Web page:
Race Horse

Once buoyed by manically upbeat pop melodies, bright punchy ditties and a seemingly fearless recklessness, the world seems to have slowed Racehorses down a little.

There’s still the infectious Supergrass-meets-SFA vitality, but determined to channel their energy and deal with some deeper change,

‘Furniture’ is a much more cohesive body of work. Here, tracks like ‘Bad Blood’ and ‘Mates’ strike a pop perfect balance,

‘My Year Abroad’ delivers a bracing, bass-laden shot to the arm, and
‘See No Green’ is the short, shouty, shanty ballad the Futureheads
should cover next.

But where ‘Goodbye Falkenberg’ was a melodic oddbin of energy that needed no detonation, Racehorses’

debut directness feels like it’s been reined in.

This time there’s the purpose and definition of a beginning and end that’s helped make Race Horse ‘Furniture’ a very fine album indeed.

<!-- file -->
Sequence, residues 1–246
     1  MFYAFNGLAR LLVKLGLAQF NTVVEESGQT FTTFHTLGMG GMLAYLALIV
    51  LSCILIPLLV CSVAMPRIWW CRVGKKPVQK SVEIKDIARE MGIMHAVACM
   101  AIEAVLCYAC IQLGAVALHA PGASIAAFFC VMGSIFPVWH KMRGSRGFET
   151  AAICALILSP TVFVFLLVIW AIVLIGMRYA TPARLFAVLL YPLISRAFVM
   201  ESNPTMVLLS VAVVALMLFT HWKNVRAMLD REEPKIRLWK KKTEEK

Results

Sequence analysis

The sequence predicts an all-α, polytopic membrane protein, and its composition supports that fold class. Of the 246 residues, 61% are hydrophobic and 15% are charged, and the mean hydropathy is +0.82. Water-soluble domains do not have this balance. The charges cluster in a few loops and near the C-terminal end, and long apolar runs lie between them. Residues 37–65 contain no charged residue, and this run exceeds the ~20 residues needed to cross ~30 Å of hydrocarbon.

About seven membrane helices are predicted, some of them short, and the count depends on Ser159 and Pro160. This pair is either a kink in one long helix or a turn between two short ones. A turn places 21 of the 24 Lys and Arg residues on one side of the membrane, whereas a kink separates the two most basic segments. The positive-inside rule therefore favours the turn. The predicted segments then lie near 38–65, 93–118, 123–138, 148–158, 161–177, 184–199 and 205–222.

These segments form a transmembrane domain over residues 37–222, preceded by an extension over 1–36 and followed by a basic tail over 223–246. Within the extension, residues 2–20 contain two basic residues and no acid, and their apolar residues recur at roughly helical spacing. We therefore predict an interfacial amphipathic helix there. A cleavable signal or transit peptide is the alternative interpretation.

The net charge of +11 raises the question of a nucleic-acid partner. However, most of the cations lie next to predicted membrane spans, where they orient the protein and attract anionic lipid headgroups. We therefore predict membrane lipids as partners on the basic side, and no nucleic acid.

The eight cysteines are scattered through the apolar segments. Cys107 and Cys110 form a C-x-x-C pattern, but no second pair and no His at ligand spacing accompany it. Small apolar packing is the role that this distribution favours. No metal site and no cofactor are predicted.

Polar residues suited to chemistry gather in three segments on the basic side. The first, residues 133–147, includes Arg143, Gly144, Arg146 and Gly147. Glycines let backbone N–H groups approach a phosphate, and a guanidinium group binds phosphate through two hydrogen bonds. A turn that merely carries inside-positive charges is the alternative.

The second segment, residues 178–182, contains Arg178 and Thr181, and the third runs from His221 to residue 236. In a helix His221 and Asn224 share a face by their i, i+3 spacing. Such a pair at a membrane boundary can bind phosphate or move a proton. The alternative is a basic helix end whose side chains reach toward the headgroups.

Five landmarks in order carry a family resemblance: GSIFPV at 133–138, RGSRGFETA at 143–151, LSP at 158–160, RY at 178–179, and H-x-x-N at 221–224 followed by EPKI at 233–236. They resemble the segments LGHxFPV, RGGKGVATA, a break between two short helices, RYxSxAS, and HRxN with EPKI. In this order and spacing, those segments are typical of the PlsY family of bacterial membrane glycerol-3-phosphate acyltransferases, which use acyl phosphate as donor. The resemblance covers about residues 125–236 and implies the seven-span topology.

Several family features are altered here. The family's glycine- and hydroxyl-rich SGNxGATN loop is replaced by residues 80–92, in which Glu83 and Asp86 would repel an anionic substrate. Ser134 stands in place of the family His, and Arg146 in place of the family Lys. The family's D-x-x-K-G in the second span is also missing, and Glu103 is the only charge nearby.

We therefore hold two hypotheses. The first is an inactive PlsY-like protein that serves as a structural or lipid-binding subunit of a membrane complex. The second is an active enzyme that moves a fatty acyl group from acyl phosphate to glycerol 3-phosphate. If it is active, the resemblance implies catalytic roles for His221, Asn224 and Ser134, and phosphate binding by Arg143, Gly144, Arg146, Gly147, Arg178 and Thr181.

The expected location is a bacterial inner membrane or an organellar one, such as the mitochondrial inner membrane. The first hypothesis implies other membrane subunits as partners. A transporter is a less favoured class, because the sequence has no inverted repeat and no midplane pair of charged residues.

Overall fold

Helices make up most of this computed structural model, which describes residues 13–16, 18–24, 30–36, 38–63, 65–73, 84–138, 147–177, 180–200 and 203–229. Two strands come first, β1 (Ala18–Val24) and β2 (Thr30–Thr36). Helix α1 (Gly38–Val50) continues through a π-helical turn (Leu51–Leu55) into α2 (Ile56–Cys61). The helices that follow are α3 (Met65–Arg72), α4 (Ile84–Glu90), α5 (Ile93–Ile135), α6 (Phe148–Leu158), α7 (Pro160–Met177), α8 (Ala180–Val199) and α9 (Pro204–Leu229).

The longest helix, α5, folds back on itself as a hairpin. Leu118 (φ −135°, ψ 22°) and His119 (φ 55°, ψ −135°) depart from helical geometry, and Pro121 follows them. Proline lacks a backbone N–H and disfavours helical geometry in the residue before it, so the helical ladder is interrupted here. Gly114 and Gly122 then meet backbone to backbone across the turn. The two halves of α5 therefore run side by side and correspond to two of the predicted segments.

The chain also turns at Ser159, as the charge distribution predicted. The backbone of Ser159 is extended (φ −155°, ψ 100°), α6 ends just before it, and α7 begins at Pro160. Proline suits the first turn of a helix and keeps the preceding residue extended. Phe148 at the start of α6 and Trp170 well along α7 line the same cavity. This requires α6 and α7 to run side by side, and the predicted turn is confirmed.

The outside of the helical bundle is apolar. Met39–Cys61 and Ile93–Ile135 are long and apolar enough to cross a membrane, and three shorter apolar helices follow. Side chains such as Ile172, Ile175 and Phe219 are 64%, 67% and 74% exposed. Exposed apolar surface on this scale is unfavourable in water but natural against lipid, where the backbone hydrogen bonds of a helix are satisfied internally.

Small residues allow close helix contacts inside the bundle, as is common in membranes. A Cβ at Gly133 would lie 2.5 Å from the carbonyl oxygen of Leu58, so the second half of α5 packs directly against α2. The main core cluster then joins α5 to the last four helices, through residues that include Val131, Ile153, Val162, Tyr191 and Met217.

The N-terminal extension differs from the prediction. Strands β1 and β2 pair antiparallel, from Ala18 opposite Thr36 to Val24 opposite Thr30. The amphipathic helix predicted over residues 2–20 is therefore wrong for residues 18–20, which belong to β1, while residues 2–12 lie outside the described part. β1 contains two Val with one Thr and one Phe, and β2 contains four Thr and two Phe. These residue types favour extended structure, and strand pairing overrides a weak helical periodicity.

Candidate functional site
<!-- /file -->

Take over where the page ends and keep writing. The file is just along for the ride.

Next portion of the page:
I’d get little doses of the real world, the music would come in and out, Thom Yorke’s voice and the strings of ‘Pyramid Song’ Race Horse would come through brilliantly and heavily reverberated.

The familiar sounds helped me come back to this plane.” An unforgettable experience by the sounds of it.

Is it something Steven has shared with Yorke? “Hahaha… I remember specifically writing him an email about it and asking him what it really
meant to him but I never got an email back.

I always forget to ask him things like that when we’re in the same room together, I always forget to geek out and ask him nerdy questions and then whenever he leaves I’m always like, ‘ah shit, I should have asked him about this.

Fuck!’ But it’s cool, man. There needs to be some magic left in the world.”


Although an experimenter of drugs, it’s something Steven cannot ingrain into the working process.

“Hell no,” he shakes. “I take that stuff as a means of inspiration in terms of asking questions,

being able to ask questions and then more questions… I like to listen to my music on weed but not when

making it and that’s pretty much as far as that goes, even drinking and making music doesn’t really work for me that well.”

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